In most child pornography cases, police detectives join file-sharing websites that traffic in child pornography images. As technology has advanced, many P2P networks have employed Bit Torrent technology to run the file sharing, which allows for much faster file transfer. Essentially Bit Torrent is a technology that will enable parts of an individual file to be broken into multiple pieces that are accessed from many different computers on the network. Since the files are broken into many parts, it has become technologically challenging for law enforcement to prove what is contained in each part of the file.

An investigation commences when an officer can match a bit of data found on your hard drive that matches a known sample of child pornography that the police have already have captured. People who use P2P networks are lured into a false sense of security that these networks afford some degree of privacy and security.

Once law enforcement identifies an IP address, they request a warrant to have the service provider provide your name and address. Since anyone at your physical location could have access to the IP address, it is imperative not to make any admissions or answer any questions when the police arrive at your home or office with a search warrant to seize your devices. They take your devices to forensic labs to search for evidence of any child pornography images. If any images are found, detectives will apply for an arrest warrant.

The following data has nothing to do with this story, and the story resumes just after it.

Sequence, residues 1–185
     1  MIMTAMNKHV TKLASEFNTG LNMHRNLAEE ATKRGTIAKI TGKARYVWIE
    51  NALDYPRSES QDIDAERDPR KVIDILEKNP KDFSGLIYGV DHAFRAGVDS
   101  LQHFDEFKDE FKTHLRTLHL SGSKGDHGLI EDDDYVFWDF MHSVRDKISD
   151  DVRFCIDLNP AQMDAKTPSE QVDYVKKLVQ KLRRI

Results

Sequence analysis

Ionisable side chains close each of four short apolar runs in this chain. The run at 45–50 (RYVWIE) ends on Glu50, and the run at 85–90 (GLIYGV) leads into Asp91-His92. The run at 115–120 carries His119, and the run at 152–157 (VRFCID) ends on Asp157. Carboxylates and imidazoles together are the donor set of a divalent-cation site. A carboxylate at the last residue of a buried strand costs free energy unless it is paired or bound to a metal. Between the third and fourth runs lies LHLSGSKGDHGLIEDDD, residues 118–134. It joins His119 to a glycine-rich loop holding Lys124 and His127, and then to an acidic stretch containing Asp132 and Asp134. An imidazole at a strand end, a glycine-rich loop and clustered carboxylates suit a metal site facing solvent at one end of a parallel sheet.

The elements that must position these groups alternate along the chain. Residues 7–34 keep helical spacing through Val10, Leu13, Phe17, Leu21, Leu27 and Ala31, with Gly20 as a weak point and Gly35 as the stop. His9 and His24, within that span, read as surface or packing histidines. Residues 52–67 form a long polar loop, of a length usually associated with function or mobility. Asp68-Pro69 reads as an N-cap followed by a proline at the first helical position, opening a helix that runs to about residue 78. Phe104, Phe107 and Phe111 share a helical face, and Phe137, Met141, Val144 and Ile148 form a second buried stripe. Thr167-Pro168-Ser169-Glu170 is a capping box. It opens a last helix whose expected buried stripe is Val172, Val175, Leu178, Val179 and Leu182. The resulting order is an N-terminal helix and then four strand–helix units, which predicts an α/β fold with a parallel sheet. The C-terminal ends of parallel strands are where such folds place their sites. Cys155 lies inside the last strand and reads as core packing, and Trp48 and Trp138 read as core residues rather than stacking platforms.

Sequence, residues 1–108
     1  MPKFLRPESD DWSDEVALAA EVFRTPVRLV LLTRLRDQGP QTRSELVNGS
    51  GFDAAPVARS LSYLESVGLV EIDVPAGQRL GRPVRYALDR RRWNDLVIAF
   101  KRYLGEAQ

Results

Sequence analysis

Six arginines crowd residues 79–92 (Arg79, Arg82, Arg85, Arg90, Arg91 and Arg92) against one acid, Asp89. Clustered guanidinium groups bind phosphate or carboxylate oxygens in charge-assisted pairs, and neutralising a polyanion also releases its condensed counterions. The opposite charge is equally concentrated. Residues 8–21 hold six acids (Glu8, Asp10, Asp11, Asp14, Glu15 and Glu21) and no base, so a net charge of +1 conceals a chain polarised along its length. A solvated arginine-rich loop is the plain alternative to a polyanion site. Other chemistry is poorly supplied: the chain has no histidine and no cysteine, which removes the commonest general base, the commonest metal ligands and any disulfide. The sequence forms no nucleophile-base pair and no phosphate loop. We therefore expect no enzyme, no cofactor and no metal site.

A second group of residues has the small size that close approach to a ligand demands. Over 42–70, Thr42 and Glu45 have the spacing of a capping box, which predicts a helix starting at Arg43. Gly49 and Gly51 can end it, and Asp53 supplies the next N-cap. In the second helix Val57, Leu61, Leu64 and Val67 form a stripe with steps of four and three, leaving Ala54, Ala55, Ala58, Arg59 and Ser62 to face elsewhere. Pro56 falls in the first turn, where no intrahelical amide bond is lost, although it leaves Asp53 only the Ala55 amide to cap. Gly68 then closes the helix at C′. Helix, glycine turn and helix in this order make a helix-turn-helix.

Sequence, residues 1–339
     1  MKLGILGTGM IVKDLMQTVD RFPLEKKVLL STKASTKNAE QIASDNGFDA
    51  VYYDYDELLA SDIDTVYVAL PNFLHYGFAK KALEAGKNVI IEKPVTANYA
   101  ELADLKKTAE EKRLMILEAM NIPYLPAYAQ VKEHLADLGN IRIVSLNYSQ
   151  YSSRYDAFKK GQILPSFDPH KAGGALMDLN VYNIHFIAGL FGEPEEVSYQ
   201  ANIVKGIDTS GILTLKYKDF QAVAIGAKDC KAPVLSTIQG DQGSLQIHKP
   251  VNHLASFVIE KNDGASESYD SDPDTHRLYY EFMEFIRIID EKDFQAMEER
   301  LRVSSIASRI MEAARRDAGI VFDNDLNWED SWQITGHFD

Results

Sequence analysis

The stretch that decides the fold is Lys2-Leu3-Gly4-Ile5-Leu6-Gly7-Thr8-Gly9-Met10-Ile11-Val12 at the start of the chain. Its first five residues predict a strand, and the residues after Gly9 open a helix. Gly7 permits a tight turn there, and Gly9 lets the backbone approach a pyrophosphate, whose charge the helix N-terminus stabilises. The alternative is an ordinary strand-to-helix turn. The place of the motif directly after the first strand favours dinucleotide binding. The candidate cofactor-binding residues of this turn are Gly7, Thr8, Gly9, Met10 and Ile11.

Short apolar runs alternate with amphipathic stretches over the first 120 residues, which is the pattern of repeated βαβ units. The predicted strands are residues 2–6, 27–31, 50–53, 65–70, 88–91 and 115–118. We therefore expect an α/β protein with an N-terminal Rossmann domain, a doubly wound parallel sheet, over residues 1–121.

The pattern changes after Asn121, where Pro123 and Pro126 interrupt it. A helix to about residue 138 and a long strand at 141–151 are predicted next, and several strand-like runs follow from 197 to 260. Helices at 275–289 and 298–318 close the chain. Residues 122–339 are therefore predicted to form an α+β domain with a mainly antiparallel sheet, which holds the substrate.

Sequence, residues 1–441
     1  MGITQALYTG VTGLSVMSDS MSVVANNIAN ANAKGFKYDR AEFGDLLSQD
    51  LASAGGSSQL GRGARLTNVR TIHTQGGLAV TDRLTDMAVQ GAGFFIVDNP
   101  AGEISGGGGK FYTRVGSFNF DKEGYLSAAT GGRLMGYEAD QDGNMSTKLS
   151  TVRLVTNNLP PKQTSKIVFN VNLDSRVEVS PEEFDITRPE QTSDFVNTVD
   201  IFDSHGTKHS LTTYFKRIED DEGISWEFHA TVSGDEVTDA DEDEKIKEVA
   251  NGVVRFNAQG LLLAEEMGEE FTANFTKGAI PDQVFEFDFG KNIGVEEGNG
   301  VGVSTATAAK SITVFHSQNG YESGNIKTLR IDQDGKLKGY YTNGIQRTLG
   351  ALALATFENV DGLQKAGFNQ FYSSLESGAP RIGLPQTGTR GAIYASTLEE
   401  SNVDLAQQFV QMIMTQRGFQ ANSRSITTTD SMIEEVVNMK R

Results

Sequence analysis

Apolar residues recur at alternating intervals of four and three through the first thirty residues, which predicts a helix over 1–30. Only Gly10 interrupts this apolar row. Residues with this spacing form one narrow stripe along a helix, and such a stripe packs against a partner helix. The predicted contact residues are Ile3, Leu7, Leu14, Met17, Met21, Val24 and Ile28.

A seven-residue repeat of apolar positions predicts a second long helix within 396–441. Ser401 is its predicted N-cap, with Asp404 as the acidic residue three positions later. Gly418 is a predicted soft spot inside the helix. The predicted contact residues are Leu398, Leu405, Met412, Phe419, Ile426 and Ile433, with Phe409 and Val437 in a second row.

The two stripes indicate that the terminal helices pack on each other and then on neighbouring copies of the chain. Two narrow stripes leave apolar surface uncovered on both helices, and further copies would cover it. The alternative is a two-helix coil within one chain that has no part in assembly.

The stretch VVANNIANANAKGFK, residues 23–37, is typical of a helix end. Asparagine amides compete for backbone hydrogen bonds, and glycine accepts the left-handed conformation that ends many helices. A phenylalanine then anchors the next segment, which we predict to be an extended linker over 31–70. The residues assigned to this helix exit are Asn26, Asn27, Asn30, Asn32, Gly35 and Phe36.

Elements of the Crime Which Must be Proven by The State's Attorney

C.G.S. § 53a-196f - Possessing child pornography in the third degree

To be convicted of possession of child pornography in the third degree in violation of Connecticut General Statutes § 53a-196f, the state's attorney must prove that:

  1. The accused knowingly possessed;
  2. Fewer than 20 images of child pornography; or
  3. A series of images in electronic, digital or other format, which is intended to be displayed continuously, of fewer than twenty frames, or a film or video consisting of fewer than 20 frames that depict a single act of sexually explicit conduct by one child.
C.G.S. § 53a-196e - Possessing child pornography in the second degree

To be convicted of possession of child pornography in the second degree in violation of Connecticut General Statutes § 53a-196e, the state's attorney must prove that:

  1. The accused knowingly possessed;
  2. More than 20 but less than 50 images of child pornography; or
  3. A series of images in electronic, digital or other format, which is intended to be displayed continuously, consisting of twenty or more frames, or a film or video consisting of more than 20 frames that depict a single act of sexually explicit conduct by one child.